Type of study: Retrospective, cross-sectional cohort study
The finding: The study evaluated national-level depression treatment patterns and predictors in US ambulatory care settings among adults with CKD and co-occurring depression. It found that adults with CKD and comorbid depression received some form of depression treatment at approximately half of the ambulatory care visits, mostly in the primary care setting. Antidepressants were the main form of depression treatment, SSRIs being the most common with very low use of psychotherapy. Odds of receiving antidepressants was positively associated with the total number of medications recorded during the sample visit. It also revealed regional disparities in depression treatment in this population, with ambulatory visits in the South were less likely to receive treatment than those in other regions of the US.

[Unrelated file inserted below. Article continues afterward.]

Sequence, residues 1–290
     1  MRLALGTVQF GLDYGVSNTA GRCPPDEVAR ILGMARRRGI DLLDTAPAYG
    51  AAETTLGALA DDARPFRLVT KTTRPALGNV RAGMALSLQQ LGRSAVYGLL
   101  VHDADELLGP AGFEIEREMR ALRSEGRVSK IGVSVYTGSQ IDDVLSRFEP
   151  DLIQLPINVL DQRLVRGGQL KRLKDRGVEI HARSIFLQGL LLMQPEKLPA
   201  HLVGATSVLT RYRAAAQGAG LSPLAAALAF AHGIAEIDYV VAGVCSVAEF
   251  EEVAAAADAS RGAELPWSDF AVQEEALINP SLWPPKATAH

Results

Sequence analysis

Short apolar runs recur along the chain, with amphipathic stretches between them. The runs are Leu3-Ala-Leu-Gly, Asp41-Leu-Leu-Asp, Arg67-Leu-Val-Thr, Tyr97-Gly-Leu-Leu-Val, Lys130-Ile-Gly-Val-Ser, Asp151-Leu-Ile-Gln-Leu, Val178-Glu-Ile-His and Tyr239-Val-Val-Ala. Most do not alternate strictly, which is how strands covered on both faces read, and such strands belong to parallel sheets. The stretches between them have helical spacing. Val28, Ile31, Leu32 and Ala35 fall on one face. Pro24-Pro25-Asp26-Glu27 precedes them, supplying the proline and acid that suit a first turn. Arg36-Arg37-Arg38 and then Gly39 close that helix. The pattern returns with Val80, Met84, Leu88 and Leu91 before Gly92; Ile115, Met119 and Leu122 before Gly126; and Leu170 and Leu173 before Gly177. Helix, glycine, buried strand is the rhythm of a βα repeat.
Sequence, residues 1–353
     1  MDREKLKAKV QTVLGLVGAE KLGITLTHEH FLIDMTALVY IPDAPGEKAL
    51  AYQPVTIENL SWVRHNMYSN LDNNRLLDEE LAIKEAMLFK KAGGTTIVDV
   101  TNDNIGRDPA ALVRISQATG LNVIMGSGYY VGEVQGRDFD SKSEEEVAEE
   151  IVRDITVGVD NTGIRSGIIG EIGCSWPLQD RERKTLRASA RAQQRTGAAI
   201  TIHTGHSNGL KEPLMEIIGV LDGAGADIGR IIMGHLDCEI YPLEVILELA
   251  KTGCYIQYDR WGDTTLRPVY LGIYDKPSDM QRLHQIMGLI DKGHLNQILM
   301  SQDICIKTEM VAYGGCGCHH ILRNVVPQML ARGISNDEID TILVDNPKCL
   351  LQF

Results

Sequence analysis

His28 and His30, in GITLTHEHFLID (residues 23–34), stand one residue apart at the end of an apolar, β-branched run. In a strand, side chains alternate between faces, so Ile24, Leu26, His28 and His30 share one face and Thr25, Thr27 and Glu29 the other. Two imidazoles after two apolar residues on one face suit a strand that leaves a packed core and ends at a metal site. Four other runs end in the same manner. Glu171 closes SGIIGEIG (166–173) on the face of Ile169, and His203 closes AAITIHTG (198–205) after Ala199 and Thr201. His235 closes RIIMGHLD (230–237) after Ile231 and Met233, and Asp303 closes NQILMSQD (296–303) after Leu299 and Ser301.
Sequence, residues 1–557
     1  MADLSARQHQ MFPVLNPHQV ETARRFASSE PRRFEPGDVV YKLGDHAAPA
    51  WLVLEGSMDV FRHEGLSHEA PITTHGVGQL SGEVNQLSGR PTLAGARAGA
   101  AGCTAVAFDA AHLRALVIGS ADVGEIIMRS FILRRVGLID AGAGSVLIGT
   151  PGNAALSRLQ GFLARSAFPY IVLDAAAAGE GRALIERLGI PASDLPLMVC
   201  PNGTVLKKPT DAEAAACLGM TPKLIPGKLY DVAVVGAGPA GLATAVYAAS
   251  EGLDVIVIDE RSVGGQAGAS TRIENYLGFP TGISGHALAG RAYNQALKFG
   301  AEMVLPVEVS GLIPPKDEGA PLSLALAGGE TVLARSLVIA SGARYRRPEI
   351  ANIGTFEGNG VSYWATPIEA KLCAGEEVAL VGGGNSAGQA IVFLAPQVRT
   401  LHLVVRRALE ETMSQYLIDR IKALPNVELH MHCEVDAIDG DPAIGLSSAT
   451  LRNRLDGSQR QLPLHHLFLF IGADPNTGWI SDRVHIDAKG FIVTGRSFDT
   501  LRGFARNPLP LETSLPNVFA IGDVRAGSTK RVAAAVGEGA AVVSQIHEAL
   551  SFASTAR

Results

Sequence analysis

Strength and weaknesses: Strengths: Sample representative of the national population. Claims to be the first study to evaluate national-level depression treatment patterns and predictors in US ambulatory care settings among adults with CKD and co-occurring depression.
Weaknesses: Small sample size (unweighted N = 262). Results are based on one patient provider visit/encounter, and depression treatment may have been provided at other visits. Underreporting or misclassification of depression and CKD may have also occurred. It did not adjust for potential off-label antidepressant use such as for sleep, appetite stimulation, or pain. Information was also unavailable pertaining to duration and severity of CKD and depression, antidepressant dose, activities of daily living, and functional status. Lastly, given the retrospective, cross-sectional study design, causal inferences cannot be established.